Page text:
To investigate the degradation of lead free solder heat‐sink attachment by thermal shock. Samples with high voiding percentages were selected for the investigation in order to get information on the significance of voids on the reliability of Sn‐Ag‐Cu heat‐sink attachment.
Through the use of X‐ray, C‐mode scanning acoustic microscopy, dye penetration, cross section and scanning electron microscopy/energy‐dispersive X‐ray tests, the degradation of Sn‐Ag‐Cu heat‐sink attachment during thermal shock cycling was evaluated.
The results showed that the Sn‐Ag‐Cu heat‐sink attachment where the area of voiding was 33‐48 per cent survived 3,000 thermal shock cycles, although degraded. The main degradation mechanism for the solder attachment was not solder fatigue but interface delamination due to Kirkendall voids at the Cu/Cu3Sn interface. It was found that the large voids in the Sn‐Ag‐Cu heat‐sink attachment were not significantly affecting the solder joint lifetime. Big differences of intermetallic compound growth behaviour and Kirkendall voids at device/solder and solder/Cu pad interfaces are found and the reasons for this are discussed.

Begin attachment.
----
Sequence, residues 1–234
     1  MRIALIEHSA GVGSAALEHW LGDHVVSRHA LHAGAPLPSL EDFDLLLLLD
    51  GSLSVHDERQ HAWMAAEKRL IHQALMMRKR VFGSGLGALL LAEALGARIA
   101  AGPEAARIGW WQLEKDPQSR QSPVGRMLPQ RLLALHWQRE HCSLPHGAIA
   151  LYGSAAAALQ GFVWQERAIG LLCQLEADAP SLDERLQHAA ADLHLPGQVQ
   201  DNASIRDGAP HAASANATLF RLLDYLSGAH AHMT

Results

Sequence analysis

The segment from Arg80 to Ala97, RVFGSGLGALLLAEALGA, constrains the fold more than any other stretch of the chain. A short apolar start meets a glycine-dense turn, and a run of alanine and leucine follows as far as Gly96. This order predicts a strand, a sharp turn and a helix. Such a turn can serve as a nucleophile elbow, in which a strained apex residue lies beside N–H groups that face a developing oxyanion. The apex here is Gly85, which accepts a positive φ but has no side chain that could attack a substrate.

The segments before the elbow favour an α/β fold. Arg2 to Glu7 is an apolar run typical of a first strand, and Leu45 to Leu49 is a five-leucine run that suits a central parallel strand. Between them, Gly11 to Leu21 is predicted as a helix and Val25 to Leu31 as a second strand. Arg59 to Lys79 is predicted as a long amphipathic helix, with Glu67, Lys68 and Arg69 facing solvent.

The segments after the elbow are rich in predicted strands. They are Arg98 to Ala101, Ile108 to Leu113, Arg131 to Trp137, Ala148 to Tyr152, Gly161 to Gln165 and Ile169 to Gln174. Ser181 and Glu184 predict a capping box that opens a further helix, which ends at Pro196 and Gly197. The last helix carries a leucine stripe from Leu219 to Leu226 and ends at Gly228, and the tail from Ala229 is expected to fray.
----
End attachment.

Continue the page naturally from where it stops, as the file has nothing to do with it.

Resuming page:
This work has clarified the general perception that large voids affect the thermo‐mechanical lifetime of solder joint substantially and also provides further understanding of the Sn‐Ag‐Cu heat‐sink attachment degradation mechanism.
Chang, J., Janz, D., Kempe, W. and Xie, X. (2005), "Degradation of Sn‐Ag‐Cu heat‐sink attachment during thermal shock cycling", Soldering & Surface Mount Technology, Vol. 17 No. 4, pp. 10-16. https://doi.org/10.1108/09540910510630386Download as .RIS
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